Sometimes when an amateur archaeologist sets out into a landscape, metal detector in hand, they wind up finding nothing of any consequence. But on rare occasions, the search for artifacts pays off in a big way — sometimes metaphorically, sometimes literally and sometimes both. The tale of Erlend Bore, who went searching for history on the Norwegian island of Rennesøy, falls into the second category.
Bore’s work turned up a cache of gold objects that dated back to around 1,500 years ago. As Jennifer Nalewicki wrote for Live Science, Bore’s efforts were sanctioned by the island’s owner — which is good news for both of them, as under Norwegian law, both the discoverer of treasure and the owner of the property on which it was found will receive payment for the find.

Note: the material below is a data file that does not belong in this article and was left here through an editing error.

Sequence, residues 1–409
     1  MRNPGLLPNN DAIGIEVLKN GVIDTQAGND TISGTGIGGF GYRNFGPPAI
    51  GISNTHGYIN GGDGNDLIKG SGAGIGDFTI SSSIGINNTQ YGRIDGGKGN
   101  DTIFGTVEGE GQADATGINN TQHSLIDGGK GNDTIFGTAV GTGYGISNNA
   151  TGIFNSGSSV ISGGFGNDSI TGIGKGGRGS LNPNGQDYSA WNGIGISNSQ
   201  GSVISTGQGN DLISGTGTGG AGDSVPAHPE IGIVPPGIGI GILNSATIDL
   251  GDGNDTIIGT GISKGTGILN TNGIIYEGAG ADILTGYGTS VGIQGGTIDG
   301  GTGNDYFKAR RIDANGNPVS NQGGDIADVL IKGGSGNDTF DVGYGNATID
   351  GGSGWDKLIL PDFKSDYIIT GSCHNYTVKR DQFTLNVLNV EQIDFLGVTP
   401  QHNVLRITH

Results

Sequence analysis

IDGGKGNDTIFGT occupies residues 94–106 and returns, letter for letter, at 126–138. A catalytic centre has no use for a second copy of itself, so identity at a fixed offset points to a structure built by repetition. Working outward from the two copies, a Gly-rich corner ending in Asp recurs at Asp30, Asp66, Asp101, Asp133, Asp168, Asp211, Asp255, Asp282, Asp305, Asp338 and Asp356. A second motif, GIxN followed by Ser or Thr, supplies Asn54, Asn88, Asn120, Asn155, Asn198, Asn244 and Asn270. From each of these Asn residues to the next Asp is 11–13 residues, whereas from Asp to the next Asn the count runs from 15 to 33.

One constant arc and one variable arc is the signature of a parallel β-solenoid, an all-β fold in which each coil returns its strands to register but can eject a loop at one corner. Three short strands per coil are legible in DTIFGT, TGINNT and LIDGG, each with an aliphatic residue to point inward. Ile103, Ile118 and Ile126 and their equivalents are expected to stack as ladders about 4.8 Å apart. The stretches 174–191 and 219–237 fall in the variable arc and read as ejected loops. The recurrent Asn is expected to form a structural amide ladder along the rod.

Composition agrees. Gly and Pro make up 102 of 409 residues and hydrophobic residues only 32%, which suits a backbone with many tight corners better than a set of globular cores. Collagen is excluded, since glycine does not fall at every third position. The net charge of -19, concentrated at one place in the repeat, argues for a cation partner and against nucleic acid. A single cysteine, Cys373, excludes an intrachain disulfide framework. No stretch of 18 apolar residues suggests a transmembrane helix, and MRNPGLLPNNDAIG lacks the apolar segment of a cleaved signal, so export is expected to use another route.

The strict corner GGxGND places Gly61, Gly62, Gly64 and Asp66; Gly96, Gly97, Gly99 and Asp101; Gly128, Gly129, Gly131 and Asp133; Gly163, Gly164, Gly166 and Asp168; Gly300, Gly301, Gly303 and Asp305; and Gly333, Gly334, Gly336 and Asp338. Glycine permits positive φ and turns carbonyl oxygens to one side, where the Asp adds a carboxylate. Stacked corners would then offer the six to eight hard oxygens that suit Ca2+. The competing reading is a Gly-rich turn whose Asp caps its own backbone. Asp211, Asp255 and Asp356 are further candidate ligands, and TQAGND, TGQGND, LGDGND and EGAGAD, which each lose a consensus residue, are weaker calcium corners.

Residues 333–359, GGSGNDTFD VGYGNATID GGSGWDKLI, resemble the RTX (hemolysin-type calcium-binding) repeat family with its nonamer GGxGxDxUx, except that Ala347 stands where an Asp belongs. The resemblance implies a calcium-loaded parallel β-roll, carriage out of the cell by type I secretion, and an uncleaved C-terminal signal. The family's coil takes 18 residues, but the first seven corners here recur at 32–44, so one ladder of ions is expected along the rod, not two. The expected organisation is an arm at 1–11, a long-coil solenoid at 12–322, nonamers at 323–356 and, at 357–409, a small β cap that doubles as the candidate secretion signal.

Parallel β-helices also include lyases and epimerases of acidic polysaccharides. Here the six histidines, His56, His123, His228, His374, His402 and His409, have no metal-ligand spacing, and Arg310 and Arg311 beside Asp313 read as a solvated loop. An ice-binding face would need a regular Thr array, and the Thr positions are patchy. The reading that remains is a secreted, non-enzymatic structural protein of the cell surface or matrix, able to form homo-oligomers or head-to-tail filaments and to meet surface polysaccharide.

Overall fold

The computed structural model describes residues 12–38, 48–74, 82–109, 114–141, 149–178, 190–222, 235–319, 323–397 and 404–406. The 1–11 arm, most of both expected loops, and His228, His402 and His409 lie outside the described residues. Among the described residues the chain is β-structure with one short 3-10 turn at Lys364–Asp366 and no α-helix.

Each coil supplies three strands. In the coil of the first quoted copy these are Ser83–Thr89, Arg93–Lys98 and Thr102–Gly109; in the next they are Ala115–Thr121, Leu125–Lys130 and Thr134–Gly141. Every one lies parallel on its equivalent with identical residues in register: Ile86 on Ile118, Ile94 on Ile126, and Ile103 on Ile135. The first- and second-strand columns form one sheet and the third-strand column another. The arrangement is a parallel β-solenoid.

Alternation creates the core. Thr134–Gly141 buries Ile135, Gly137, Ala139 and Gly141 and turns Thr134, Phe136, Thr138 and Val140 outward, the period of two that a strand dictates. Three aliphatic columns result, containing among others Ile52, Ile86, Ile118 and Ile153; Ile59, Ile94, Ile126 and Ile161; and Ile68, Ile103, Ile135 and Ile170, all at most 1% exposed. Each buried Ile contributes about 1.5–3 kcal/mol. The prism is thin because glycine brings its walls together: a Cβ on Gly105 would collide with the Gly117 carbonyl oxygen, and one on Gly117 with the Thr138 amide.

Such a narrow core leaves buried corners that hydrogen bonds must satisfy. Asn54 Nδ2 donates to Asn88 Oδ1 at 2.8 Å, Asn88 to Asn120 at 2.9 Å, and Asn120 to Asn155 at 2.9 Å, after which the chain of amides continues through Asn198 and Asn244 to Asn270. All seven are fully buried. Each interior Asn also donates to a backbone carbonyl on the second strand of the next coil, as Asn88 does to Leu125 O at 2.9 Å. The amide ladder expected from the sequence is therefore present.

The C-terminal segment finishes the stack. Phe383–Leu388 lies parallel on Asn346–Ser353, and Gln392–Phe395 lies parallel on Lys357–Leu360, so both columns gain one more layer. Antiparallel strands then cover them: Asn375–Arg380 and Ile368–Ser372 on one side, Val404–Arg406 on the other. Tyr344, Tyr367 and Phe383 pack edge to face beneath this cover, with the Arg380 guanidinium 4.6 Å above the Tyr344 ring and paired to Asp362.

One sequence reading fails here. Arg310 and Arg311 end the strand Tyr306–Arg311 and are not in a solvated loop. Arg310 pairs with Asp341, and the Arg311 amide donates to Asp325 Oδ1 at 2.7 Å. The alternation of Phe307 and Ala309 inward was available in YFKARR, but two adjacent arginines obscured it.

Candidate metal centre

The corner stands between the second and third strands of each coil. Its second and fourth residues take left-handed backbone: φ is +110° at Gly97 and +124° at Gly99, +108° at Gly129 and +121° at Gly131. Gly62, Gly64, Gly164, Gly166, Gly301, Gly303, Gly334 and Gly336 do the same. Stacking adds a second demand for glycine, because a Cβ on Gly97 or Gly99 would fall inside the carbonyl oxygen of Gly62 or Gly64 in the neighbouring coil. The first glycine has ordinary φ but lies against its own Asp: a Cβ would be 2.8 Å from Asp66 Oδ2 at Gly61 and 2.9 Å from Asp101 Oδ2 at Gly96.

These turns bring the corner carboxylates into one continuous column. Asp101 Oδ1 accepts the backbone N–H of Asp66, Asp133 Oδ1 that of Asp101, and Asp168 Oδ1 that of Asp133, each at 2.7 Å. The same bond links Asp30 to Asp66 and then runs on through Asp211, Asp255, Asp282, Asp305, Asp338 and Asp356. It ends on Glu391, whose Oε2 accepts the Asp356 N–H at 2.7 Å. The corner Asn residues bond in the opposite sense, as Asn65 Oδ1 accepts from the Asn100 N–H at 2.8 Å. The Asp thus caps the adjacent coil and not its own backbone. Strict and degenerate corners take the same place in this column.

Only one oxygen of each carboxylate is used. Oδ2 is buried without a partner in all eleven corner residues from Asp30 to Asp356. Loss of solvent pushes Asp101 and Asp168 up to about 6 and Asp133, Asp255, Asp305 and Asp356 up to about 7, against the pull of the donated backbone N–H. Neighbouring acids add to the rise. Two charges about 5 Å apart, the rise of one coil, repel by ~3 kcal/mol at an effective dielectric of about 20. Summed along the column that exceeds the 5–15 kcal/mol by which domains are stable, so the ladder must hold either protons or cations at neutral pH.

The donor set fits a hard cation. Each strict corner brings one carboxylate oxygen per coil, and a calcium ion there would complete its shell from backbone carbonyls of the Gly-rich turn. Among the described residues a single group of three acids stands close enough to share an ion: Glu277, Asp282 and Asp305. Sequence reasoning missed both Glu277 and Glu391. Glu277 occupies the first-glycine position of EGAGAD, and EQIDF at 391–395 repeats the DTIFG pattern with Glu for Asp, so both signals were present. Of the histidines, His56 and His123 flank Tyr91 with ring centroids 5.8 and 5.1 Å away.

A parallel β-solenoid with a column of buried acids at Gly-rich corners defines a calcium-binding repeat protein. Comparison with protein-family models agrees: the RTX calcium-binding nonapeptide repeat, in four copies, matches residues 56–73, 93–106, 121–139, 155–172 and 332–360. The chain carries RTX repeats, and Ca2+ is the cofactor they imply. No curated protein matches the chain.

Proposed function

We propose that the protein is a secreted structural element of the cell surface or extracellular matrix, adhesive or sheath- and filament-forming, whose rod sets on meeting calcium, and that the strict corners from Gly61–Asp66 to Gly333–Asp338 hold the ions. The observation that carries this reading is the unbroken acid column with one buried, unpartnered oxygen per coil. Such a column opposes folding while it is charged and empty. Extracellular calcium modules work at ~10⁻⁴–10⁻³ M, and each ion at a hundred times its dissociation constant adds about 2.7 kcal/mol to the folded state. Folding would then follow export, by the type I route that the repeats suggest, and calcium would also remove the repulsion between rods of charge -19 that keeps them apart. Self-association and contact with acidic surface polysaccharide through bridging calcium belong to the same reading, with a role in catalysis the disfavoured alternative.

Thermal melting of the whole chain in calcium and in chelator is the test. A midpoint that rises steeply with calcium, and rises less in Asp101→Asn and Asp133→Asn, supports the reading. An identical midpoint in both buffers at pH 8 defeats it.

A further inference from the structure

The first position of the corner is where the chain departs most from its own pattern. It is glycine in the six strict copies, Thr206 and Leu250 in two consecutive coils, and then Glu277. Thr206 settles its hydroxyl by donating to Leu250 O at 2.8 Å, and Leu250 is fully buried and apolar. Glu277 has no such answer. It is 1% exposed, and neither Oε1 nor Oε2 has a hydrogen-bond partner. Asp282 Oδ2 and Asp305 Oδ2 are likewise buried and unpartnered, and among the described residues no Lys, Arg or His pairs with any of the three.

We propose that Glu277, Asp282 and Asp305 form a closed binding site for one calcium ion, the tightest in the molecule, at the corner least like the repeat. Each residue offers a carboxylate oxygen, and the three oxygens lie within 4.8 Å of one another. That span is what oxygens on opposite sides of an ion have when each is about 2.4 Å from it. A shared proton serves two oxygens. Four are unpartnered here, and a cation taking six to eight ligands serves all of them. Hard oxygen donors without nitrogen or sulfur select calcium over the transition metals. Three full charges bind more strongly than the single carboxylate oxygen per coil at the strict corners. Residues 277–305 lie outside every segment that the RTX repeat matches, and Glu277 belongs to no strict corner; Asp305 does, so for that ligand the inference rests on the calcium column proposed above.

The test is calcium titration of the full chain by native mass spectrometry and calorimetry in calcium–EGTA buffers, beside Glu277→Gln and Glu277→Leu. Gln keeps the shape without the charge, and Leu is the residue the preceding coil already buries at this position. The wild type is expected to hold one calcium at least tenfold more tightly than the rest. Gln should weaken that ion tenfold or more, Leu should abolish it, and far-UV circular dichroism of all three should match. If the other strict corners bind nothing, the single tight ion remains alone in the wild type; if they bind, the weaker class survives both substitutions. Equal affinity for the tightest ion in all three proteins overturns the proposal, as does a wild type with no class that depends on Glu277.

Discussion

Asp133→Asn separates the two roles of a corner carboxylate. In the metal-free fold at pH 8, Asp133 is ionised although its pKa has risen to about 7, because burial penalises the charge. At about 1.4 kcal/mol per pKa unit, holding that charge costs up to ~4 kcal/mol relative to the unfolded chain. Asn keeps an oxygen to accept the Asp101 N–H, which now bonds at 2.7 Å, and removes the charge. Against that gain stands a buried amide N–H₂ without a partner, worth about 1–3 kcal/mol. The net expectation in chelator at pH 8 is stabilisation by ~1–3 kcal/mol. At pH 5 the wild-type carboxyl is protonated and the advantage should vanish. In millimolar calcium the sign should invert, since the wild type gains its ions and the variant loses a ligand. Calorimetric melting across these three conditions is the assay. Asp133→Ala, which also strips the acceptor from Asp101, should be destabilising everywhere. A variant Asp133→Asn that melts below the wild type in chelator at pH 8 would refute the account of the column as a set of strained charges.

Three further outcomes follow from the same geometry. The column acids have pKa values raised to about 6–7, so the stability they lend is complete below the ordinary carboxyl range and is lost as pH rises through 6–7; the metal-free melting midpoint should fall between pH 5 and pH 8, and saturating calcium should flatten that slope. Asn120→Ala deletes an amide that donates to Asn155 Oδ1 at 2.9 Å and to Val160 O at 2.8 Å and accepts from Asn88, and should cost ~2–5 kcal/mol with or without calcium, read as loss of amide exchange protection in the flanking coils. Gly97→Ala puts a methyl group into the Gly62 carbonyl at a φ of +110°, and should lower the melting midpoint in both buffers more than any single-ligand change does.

As for what’s actually in the find, an announcement from the University of Stavanger’s Archaeology Museum has more details on that. Much of the gold came in the form of bracteaters — circular structures that resemble, but are not, coins. The museum’s release notes that the bracteaters and a series of gold pearls come together to form “a very showy necklace” — one that was likely worn by someone with a prominent position in society.
“At first I thought I had found chocolate money or Captain Sabertooth coins,” Bore said in a (translated) statement. “It was completely unreal.”
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The symbols on the gold objects will provide historians an intriguing glimpse of the lives of the society that produced them — including images of what appears to be a sick horse. Håkon Reiersen of the university’s Archaelogical Museum suggested that the fact that the gold was buried could mean that it was intended a a sacrifice — or that the owners were simply trying to hide it.
Whatever the reasons for the burial might be, the discovery of these objects provides a window into the past — and a solid case for exploring new landscapes, metal detector in hand.
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